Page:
Friday, January 21, 2011

Zero hour: ‘Countdown’ and why it matters


Keith Olbermann, author, essayist, passionate sports fan and the host of MSNBC’s “Countdown,” hinted early in tonight’s program at what was to come just before he cut to a commercial break. It was something about the end of “Countdown” or something or other; we half-digested it, thought it might be another KO head fake, a sly way of introducing another change in one of cable’s most successful and original franchises.

Sadly, no.

Olbermann returned and in short order announced that, effective with the end of that very program, “Countdown” would be no more. Gone. Over.

“There were many occasions, particularly in the last two and a half years, where all that surrounded the show — but never the show itself — was just too much for me,” he said tonight. “But your support and loyalty and, if I may use the word, insistence, ultimately required me to keep going. My gratitude to you is boundless and if you think I've done any good here, imagine how it looked from this end ... this may be the only television program wherein the host was much more in awe of the audience than vice versa.”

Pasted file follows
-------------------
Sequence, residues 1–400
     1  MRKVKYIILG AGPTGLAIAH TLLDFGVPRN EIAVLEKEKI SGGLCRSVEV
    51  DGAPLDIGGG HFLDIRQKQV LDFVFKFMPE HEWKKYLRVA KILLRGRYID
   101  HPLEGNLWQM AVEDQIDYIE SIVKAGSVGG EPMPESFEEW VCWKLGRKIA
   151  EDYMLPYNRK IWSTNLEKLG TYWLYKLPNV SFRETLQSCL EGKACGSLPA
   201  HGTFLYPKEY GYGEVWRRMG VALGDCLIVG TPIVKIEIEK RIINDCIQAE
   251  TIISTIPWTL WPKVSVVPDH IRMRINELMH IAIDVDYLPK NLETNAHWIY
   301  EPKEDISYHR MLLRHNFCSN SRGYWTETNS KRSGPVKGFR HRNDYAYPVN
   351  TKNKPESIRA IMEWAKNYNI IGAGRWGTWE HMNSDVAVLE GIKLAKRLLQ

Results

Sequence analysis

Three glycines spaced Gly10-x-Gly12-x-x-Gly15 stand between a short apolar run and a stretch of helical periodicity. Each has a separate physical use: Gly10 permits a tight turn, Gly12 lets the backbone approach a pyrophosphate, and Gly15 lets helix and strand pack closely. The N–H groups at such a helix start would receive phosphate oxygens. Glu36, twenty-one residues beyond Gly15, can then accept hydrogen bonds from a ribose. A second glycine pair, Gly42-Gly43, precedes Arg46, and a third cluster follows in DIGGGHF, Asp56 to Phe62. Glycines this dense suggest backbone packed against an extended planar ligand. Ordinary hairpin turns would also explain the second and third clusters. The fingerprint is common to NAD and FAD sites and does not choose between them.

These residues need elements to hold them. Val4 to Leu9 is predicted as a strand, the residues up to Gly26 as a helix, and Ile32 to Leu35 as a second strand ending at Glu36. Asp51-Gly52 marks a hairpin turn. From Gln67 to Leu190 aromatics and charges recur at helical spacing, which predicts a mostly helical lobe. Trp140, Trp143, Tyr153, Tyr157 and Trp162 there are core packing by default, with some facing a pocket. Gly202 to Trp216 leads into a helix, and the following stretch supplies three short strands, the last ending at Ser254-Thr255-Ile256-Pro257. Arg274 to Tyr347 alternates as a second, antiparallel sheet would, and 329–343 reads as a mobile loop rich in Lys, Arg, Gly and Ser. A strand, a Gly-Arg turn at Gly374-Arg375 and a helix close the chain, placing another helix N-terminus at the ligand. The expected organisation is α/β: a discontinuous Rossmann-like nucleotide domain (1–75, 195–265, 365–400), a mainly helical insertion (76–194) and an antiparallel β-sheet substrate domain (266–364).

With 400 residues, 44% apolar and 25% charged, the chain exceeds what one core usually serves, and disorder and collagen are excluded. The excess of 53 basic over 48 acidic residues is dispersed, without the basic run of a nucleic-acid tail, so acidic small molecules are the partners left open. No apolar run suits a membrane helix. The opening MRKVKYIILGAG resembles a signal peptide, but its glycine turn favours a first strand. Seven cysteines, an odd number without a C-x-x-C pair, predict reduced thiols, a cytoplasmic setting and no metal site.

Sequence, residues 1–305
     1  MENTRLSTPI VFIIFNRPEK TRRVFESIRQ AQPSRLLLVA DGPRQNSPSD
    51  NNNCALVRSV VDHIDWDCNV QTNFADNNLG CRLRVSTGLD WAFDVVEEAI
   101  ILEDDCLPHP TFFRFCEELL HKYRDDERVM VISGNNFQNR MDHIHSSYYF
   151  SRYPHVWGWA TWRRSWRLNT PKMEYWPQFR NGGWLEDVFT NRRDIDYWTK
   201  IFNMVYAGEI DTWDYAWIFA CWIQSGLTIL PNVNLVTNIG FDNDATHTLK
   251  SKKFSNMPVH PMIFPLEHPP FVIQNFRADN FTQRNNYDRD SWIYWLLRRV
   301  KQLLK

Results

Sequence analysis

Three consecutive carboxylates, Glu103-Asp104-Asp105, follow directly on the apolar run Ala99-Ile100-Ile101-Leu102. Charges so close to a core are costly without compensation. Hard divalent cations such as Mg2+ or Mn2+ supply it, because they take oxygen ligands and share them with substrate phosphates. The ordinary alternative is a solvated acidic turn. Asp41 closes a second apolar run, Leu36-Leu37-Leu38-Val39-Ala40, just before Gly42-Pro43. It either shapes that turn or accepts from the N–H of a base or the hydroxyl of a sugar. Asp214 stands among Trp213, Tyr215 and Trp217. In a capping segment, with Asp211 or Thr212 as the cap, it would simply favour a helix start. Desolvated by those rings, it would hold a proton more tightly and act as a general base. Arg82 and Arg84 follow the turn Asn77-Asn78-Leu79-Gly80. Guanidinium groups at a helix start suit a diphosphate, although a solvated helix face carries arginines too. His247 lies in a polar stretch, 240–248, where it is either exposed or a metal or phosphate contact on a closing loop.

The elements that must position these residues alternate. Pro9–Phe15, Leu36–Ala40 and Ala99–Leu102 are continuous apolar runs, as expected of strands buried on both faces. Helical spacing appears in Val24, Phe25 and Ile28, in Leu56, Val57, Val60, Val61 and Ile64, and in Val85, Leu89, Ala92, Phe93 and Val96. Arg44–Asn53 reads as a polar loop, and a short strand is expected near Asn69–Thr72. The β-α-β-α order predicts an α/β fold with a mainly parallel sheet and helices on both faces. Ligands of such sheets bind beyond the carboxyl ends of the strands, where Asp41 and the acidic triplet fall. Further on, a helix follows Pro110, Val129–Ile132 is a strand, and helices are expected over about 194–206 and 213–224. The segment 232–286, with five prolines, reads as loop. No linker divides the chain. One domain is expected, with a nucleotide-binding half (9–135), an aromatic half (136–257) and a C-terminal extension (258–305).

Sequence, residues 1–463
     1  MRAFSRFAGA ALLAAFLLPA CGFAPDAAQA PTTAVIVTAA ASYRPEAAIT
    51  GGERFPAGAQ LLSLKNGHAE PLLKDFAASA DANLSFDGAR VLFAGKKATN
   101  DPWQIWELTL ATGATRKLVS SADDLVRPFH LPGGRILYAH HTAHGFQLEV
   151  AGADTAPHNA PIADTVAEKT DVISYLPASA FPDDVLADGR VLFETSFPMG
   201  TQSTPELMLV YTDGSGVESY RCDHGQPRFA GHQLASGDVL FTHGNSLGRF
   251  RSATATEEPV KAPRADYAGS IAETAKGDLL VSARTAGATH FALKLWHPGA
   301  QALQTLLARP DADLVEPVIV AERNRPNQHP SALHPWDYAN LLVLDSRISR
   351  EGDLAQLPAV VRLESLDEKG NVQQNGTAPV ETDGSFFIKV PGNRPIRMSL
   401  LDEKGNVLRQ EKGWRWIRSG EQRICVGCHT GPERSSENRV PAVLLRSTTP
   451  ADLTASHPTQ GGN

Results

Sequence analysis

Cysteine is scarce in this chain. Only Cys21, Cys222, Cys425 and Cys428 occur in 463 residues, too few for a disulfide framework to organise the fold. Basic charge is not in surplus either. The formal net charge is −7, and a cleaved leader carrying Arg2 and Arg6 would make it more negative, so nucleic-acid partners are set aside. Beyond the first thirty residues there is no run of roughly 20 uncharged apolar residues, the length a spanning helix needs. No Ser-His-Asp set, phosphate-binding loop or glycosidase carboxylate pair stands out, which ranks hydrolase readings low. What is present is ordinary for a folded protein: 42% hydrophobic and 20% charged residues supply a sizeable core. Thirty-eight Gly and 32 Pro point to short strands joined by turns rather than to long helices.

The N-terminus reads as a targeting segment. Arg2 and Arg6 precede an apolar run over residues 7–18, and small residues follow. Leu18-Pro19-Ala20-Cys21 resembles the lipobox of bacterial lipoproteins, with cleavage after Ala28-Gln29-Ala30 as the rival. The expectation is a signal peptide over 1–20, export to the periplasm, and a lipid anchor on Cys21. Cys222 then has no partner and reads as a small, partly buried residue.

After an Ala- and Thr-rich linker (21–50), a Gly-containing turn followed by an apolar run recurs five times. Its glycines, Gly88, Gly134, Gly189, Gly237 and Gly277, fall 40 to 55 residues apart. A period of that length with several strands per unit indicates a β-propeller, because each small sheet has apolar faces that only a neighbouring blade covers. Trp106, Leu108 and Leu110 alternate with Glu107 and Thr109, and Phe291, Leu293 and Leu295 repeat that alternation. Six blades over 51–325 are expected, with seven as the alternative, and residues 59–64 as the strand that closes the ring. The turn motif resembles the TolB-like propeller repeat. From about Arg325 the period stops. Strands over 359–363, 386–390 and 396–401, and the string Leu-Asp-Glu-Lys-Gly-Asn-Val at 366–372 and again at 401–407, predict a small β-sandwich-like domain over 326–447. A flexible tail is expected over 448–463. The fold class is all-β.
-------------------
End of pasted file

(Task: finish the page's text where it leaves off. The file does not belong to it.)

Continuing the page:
And minutes later, after Olbermann concluded a Friday ritual of reading from the work of James Thurber — this time “The Scotty Who Knew Too Much” — it was done. Swiftly, savagely, suddenly, one of the true destination programs on cable was history at the network, soon to be the property of Comcast, the Philadelphia-based cable giant whose acquisition of MSNBC was cleared days ago by the Federal Communications Commission and the Justice Department.

The network had already composed the obligatory statement, attributed to MSNBC president Phil Griffin and released as Olbermann was wrapping things up:

"Msnbc and Keith Olbermann have ended our contract. Msnbc thanks Keith for his integral role in msnbc's success and we wish him well in his future endeavors," Griffin said.